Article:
eBay orchestra auction - must it be?

A rare opportunity has arisen to buy an orchestra. The Beethoven Academie, based in Mechelen, Belgium, has put itself up for sale on eBay because the Belgian government has stopped paying its annual subsidy. Bert Anciaux, the country's Culture Minister, is being blamed for the orchestra's plight. 'We don't know what to do,' says a spokesman for the musicians. 'That's why we offer ourselves on eBay to the highest bidder. Maybe you know a jackpot winner or multimillionaire who could save us?'

From today's Observer. Follow this link to the eBay auction. As I write 116 bids have reached a healthy Euro 100,100 (£69,000, $125,000). Buying your own orchestra may just be the answer if you are a contemporary composer seeking that elusive first performance, and the current bidding makes the Beethoven Academie look quite a bargain compared with the BBC's annual commissioning budget for new music of around of £350,000 ($630,000).

There are many impressive precedents of using your own band to premiere your music including Johann Sebastian Bach in Leipzig, Rudolph Mauersberger with his sublime (and seriously neglected) 1948 Dresden Requiem which was first performed with his Kreuzchor, and, of course, Pierre Boulez, who gave many premieres of his own works both with the BBC Symphony Orchestra and his Ensemble InterContemporain which he formed in 1967. But if you want your own ensemble hurry, as bidding ends on 4th July.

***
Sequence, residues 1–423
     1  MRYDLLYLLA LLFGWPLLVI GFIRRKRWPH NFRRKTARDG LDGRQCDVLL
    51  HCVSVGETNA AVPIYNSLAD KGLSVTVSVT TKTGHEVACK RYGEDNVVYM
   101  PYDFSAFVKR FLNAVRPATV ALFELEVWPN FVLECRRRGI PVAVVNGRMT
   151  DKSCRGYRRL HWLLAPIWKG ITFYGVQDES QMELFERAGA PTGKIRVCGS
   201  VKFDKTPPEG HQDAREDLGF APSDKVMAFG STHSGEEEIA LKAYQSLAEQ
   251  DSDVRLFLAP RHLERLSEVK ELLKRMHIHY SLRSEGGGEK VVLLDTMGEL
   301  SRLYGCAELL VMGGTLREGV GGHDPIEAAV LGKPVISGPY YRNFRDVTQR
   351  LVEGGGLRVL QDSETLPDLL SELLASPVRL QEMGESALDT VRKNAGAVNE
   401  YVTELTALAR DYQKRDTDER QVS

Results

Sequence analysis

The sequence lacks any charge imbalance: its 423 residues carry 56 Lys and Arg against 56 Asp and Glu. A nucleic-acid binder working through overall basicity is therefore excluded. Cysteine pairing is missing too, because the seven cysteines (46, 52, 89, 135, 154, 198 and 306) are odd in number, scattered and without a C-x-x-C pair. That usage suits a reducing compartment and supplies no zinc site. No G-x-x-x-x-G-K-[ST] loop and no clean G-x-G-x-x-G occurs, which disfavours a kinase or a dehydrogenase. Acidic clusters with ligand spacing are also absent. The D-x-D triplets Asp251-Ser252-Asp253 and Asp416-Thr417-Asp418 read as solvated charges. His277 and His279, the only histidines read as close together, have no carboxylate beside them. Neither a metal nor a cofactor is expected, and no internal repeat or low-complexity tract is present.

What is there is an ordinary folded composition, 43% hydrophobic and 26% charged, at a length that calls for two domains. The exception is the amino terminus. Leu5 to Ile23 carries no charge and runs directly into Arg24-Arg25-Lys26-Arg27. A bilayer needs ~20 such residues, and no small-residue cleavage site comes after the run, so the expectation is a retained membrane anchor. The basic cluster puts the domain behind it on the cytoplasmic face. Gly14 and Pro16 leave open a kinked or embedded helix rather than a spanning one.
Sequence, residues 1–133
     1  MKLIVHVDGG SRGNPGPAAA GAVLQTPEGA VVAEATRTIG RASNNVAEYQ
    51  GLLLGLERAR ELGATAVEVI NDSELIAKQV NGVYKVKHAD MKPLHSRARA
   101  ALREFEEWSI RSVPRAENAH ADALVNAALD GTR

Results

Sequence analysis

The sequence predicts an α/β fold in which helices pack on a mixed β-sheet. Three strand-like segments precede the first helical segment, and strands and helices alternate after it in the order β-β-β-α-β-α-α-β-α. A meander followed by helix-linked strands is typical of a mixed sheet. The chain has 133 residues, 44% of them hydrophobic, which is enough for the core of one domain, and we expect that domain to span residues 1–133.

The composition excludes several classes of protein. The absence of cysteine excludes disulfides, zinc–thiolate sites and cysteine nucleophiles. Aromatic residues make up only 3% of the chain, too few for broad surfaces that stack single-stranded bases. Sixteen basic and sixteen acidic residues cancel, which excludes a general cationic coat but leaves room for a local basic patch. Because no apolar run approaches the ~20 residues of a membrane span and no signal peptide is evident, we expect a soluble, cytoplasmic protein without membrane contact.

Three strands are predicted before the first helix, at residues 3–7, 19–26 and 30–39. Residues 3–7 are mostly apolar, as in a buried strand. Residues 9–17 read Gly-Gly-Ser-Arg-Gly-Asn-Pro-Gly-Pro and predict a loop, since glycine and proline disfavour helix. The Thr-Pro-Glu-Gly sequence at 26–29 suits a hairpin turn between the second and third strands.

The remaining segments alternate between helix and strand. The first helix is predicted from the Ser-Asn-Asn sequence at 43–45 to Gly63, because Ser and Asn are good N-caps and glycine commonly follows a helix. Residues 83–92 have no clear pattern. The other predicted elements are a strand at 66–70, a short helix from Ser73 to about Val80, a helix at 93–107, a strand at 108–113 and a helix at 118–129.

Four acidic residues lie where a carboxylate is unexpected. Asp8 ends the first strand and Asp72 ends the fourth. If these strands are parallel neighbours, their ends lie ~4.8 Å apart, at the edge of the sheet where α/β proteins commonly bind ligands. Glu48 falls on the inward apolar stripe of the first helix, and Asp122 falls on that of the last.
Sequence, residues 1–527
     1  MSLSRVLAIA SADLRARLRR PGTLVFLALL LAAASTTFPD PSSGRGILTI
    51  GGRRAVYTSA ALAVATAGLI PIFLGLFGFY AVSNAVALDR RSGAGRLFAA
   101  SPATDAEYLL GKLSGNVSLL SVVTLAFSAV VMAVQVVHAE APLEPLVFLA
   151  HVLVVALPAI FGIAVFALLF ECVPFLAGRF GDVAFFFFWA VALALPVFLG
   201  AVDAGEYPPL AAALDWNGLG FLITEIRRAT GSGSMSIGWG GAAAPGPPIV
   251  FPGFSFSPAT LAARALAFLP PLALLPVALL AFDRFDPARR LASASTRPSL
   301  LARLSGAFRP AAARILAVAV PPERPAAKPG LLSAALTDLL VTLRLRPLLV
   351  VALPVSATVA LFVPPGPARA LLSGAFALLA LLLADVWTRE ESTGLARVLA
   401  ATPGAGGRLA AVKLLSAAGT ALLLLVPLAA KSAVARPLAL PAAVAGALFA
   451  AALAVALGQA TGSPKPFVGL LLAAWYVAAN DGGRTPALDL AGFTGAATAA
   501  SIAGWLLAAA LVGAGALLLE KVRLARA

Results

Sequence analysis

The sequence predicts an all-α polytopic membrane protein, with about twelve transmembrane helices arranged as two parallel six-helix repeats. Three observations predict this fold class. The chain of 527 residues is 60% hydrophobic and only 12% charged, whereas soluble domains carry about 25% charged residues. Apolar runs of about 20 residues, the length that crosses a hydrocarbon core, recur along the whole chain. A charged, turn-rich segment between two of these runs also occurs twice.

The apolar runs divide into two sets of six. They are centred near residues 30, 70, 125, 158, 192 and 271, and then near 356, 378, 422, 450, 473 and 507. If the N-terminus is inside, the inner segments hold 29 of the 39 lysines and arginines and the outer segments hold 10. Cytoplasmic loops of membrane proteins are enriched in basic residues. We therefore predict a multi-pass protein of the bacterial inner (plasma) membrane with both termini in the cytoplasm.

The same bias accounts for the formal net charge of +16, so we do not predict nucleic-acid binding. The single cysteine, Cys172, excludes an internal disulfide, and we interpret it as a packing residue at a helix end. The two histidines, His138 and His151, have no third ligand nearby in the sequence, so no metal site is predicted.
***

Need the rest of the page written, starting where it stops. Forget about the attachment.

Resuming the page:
Now playing - Beethoven's String Quartet Opus 135 in F Major played by the Alban Berg Quartet (this budget priced re-issue of their first Beethoven Quartet cycle is a superb bargain incidentally). In a three-note phrase in this great quartet the composer asks the question 'Must it be?' ('Muss es sein?') and then answers it with the same phrase turned inside out to assert 'It must be.' ('Es muss sein.') In 1826, the year of the Opus 135 quartet's composition, a Viennese patron wanted to know if 50 florins had to be the subscription price for a performance of Opus 130 in his own home. Beethoven's retort came, set to a musical canon, 'It must be! Yes yes yes yes! Out with your wallet!' The question and answer stuck in the composer's mind, and when he came to write his last quartet, he famously turned it into music.

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Bob said…
I used to think, "It must be" was about Beethoven's struggle to come to terms with fate.

Of course there may be a double meaning here....apparent flippancy (the fee) might hide darker feelings (lack of a marriage partner).
Pliable said…
Rob you are quite correct. Just as there are alternative finales for the Opus 130 Quartet, so there are alternative versions of the 'Es muss sein? story.

Sometimes the Grosse Fugue suits in performance, and sometimes it doesn't.

This time the 50 florin version of 'Es muss sein? suited my financially themed article. And anyway it is just too hot here in the UK to think about darker feelings and the meaning of life.

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